A temporary change to dog access rules at the northern end of Snells Beach has been implemented by Auckland Council to protect endangered wildlife.
Dogs are prohibited from all beach areas north of the Sunburst Ave boat ramp up until March 30.
All beach areas south of this point are still subject to current rules. The summer rules between December 1 and March 1 allow for dogs to be under control and off leash between 5pm and 10am, and prohibited at all other times.
A Council spokesperson says Snells Beach provides important habitat to hundreds of native shorebirds with its extensive foraging habitat at low tide and areas of shell bank along the marginal strip which birds use to roost and nest.
The change in dog access has been implemented to protect native shorebird species such as the NZ fairy tern, NZ dotterel, variable oystercatchers and bar tailed godwits.
The fairy tern is considered the most endangered endemic bird in New Zealand. Juvenile fairy terns have recently started roosting at Snells Beach and a pair of dotterels hatched three chicks in December despite various challenges, including spring tides and roaming cats and dogs. The Council spokesperson says their survival to date is most surely due to the dedication and help of community members.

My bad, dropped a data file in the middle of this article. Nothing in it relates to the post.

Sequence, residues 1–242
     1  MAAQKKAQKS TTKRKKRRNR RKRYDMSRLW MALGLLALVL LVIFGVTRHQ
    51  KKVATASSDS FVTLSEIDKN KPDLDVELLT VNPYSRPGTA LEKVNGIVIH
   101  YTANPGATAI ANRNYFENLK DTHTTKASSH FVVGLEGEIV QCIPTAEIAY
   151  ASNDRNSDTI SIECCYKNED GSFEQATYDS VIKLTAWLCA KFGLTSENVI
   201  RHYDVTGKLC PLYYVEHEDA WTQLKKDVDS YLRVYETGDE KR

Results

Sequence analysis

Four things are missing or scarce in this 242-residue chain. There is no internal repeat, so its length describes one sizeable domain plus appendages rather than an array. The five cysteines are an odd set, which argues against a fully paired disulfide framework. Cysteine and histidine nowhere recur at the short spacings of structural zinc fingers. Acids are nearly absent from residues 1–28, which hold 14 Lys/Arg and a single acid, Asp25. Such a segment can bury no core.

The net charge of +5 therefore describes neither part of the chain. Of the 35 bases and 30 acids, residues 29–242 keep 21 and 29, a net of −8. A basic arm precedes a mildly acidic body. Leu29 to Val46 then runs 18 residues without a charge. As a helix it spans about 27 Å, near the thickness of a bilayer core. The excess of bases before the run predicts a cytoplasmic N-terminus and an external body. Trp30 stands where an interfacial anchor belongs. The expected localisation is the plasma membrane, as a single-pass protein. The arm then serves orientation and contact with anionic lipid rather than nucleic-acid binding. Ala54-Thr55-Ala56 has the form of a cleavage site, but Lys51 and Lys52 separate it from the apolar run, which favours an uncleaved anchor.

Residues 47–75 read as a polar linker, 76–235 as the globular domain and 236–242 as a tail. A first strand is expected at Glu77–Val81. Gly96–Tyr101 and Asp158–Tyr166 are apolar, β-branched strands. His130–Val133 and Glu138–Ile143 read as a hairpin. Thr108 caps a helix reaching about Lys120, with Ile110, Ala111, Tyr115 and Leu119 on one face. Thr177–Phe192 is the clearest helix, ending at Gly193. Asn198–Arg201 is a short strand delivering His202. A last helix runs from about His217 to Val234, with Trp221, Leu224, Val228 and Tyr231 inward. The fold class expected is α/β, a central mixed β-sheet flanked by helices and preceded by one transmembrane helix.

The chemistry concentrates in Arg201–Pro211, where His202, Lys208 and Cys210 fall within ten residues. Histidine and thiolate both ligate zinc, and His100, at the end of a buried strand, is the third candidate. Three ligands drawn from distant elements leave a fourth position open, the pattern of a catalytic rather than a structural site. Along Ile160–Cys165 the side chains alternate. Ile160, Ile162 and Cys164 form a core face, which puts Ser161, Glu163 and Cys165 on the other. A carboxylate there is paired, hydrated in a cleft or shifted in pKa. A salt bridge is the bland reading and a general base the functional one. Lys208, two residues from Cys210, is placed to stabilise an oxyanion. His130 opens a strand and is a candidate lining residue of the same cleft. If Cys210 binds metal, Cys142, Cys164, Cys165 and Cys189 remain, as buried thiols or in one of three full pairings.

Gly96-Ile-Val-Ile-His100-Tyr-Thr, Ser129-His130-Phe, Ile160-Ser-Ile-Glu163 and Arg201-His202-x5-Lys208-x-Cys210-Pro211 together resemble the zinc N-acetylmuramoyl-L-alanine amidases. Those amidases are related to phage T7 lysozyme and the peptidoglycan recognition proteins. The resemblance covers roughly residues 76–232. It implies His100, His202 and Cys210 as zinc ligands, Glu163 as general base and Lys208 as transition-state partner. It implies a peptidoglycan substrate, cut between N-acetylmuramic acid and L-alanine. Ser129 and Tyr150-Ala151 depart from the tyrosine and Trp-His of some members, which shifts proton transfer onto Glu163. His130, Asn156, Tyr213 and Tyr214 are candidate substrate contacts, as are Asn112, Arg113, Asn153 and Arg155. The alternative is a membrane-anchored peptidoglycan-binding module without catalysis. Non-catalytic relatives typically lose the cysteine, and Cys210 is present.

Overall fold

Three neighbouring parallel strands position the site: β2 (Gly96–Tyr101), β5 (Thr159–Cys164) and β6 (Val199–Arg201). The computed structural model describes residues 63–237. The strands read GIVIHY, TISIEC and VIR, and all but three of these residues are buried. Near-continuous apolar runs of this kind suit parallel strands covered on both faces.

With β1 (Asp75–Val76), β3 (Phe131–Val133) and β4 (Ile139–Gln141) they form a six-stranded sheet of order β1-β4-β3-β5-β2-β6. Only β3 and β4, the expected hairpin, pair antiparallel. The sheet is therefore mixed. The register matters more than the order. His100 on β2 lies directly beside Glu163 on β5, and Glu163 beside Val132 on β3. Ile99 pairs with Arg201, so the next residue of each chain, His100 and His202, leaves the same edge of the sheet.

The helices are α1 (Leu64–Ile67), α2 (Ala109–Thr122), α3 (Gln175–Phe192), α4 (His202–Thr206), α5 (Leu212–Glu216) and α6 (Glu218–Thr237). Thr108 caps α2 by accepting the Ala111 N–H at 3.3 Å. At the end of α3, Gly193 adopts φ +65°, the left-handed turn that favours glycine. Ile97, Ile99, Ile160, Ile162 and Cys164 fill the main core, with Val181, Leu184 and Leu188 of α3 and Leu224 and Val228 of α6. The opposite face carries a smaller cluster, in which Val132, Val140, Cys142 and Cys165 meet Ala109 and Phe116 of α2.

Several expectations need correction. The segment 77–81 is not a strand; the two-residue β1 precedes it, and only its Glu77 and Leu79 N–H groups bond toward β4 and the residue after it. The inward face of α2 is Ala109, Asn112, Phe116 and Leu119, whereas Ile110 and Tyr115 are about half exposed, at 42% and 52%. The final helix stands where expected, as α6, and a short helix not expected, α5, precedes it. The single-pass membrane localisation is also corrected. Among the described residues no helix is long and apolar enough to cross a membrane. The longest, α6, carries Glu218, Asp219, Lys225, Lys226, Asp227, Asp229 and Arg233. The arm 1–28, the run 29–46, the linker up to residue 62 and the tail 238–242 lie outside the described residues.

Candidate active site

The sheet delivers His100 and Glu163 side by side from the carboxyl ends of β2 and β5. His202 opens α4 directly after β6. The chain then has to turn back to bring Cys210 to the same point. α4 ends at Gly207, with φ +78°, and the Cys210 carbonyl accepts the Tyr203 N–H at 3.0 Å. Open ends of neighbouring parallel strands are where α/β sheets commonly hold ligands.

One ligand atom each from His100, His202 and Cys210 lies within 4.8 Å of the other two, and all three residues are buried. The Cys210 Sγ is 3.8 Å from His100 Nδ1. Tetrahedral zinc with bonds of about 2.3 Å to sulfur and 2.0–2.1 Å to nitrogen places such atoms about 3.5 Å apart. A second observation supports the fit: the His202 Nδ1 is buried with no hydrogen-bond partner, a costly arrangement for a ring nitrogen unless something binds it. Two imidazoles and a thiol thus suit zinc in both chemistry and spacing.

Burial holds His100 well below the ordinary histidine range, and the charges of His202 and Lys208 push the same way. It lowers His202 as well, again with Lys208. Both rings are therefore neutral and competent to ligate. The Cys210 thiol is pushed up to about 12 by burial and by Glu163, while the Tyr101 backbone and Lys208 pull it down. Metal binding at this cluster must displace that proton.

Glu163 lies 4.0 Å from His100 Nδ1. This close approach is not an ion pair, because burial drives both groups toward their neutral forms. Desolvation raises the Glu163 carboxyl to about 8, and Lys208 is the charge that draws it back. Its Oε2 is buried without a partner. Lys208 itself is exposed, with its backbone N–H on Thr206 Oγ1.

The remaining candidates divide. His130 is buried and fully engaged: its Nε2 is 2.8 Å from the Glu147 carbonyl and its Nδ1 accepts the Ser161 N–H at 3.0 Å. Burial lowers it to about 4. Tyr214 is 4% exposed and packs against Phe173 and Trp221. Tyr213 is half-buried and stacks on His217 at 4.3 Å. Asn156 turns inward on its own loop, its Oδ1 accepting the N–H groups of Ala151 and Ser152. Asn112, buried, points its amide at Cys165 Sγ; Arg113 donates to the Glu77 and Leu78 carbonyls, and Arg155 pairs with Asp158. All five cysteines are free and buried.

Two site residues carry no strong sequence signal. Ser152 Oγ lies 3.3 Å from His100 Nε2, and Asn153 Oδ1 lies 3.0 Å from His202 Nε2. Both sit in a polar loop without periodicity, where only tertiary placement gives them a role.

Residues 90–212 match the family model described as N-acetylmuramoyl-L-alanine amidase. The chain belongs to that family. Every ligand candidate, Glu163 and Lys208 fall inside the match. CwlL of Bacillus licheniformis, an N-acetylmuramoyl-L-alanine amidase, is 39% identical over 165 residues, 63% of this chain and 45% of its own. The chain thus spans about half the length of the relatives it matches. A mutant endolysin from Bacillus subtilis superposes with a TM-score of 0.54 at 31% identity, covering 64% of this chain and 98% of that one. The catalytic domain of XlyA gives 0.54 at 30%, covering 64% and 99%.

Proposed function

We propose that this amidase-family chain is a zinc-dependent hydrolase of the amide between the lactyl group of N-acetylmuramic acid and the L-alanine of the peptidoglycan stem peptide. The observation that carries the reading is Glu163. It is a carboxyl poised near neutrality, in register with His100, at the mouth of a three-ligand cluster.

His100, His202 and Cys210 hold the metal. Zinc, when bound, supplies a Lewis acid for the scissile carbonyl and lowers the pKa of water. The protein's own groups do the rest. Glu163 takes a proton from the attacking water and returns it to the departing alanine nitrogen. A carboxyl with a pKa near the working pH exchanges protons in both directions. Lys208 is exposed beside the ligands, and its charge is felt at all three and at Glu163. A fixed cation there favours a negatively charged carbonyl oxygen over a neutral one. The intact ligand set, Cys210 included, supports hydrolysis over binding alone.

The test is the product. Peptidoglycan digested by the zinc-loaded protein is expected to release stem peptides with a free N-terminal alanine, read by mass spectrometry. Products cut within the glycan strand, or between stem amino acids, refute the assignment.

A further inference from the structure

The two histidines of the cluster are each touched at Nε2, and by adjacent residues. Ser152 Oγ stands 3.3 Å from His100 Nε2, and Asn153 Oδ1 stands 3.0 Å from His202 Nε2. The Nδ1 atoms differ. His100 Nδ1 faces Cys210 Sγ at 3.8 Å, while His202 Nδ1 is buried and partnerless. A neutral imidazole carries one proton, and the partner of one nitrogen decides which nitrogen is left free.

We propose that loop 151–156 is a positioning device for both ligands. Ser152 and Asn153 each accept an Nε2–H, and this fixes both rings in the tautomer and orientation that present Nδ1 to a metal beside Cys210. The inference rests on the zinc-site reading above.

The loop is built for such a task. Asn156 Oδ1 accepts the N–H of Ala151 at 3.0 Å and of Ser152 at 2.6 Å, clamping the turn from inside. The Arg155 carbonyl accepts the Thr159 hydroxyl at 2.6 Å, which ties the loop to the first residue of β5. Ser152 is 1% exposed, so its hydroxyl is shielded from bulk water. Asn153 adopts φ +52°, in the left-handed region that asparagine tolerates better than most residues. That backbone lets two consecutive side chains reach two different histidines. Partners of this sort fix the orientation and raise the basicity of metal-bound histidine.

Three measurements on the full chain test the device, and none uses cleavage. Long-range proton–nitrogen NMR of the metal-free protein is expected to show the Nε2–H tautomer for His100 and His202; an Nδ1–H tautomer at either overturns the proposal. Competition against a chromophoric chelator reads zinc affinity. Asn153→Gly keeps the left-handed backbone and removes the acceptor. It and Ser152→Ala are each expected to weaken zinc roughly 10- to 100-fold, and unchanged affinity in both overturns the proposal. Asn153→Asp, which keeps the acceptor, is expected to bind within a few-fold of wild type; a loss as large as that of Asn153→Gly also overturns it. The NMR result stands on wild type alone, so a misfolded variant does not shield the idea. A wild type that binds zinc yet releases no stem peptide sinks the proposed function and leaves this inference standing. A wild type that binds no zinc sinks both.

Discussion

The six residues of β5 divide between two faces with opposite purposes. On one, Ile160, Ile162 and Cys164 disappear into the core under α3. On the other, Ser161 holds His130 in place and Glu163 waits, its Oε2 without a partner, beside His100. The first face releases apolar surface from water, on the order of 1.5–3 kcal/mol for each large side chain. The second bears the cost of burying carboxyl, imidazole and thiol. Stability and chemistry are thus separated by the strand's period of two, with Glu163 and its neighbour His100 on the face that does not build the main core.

“Bar-tailed godwits are incredible birds which undertake the longest nonstop migration of any non-seabird – travelling from Alaska to New Zealand and back every year,” she says. “It is important godwits have the space to rest and forage over summer in NZ to ensure they are healthy for their return trip to breed in Alaska.”
Meanwhile, a total of 197 infringement notices were issued to dog owners in Auckland between November 1 last year and January 8. Wandering dogs was the biggest issue, with 122 infringements issued.
Dogs off a leash followed, with 40 infringements, followed by 35 infringements for failure to control, each carrying a $300 fine.
Council implemented changes to the Dog Management Bylaw at the start of November, introducing consistent rules across the region.